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There is actually an example of both of these literary terms in the first paragraph of this excellent story. Before we examine them, however, let us just remind ourselves about the difference between the two examples of figurative language. Both similes and metaphors compare one object to another object, but the difference is that similes do this by using the word "like" or "as," whereas metaphors assert a direct comparison without these words.
Let us consider the following quote:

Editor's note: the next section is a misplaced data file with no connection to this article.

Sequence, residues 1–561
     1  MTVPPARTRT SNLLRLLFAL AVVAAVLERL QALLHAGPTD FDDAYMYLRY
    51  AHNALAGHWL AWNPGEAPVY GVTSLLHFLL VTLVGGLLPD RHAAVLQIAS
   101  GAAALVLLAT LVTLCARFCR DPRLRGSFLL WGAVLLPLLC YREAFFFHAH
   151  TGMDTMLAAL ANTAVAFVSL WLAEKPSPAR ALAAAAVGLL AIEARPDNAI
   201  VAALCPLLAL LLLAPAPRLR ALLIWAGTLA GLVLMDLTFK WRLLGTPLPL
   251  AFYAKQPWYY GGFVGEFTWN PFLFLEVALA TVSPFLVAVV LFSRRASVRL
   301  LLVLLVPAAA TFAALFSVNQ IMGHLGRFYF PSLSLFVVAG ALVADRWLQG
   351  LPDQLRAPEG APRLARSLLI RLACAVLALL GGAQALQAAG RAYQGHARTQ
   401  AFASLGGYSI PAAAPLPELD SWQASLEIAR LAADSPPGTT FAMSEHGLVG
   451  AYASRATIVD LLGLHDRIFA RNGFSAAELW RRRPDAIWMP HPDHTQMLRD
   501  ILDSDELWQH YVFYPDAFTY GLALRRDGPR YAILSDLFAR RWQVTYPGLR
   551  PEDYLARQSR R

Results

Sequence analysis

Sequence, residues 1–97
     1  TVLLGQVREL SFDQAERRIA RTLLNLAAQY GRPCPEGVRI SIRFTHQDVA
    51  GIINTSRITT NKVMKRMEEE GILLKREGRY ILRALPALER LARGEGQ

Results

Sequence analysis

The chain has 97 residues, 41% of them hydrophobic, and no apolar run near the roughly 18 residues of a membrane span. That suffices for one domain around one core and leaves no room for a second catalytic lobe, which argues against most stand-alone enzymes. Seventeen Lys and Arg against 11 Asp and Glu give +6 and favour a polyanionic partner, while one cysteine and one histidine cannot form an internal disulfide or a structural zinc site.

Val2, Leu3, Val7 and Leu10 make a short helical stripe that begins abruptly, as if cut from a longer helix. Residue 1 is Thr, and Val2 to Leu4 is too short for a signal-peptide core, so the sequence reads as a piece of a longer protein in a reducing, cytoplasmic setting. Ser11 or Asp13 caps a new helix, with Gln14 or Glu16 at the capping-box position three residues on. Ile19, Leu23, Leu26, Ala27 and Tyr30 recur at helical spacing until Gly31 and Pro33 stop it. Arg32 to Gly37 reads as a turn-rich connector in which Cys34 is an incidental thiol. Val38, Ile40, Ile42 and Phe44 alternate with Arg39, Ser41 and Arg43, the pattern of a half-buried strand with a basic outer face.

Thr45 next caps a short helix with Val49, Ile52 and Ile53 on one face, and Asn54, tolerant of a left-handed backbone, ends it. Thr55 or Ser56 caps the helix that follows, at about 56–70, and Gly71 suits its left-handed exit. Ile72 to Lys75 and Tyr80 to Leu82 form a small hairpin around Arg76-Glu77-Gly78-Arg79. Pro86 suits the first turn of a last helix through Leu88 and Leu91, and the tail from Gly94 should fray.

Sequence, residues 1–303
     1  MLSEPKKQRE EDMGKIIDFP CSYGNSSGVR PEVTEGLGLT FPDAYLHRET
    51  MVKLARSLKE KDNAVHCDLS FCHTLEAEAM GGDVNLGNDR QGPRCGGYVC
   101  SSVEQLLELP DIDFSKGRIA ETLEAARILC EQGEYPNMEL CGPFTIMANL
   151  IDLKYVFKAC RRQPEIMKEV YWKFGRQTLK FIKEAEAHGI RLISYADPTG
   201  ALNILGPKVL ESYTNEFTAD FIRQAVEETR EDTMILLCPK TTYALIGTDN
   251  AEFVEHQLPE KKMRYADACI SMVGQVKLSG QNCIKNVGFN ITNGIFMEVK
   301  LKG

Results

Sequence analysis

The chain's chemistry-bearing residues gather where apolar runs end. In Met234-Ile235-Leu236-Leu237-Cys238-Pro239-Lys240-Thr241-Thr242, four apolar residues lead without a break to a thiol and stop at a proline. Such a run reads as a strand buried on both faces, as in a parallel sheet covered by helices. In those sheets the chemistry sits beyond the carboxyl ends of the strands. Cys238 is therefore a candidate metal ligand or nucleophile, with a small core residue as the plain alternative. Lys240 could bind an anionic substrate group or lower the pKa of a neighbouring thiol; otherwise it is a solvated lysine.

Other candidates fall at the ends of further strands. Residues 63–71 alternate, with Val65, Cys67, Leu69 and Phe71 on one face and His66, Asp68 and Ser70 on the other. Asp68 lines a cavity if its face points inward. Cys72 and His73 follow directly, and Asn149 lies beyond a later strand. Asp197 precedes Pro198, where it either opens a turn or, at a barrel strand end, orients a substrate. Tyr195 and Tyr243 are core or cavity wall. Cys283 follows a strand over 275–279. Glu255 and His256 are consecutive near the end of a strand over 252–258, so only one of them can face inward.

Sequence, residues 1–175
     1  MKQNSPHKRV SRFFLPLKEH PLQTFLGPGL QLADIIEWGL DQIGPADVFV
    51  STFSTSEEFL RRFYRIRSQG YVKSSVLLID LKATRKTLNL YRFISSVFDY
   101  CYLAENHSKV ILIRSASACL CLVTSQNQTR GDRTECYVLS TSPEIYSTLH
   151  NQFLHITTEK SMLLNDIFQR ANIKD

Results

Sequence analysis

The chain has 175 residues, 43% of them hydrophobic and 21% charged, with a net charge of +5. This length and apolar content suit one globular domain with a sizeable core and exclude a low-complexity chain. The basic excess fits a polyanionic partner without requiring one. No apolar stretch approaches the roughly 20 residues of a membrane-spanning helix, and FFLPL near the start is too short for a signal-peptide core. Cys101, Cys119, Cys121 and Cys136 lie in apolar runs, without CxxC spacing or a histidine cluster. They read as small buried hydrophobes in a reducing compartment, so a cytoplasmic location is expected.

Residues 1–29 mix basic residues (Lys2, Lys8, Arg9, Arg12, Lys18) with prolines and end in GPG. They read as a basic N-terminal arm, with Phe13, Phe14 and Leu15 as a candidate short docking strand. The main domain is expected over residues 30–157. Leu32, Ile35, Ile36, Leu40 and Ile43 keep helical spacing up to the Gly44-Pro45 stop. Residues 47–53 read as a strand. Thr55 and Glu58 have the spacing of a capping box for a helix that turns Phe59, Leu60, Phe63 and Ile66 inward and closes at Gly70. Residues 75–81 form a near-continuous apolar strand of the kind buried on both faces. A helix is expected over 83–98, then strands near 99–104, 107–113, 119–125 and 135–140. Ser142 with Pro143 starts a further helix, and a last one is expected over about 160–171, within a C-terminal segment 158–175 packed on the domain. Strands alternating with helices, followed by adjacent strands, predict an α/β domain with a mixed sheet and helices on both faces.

Sea and sky were a single ash-grey thing, and the sands of the beach, which on March nights glimmered like powdered light, had become a stew of mud and rotten shellfish.
As the landscape is described as Pelayo wakes up and has to kill more crabs, note the simile that describes the sand on March nights to "powdered night." However, now, it is a "stew of mud and rotten shellfish." I hope you realise that this is a metaphor, as it compares the sands to a stew but without using the word "like" or "as." I hope this gives you the idea of how to spot and identify and distinguish between similes and metaphors. Go ahead and re-read this excellent story and see if you can identify any more. Good luck!
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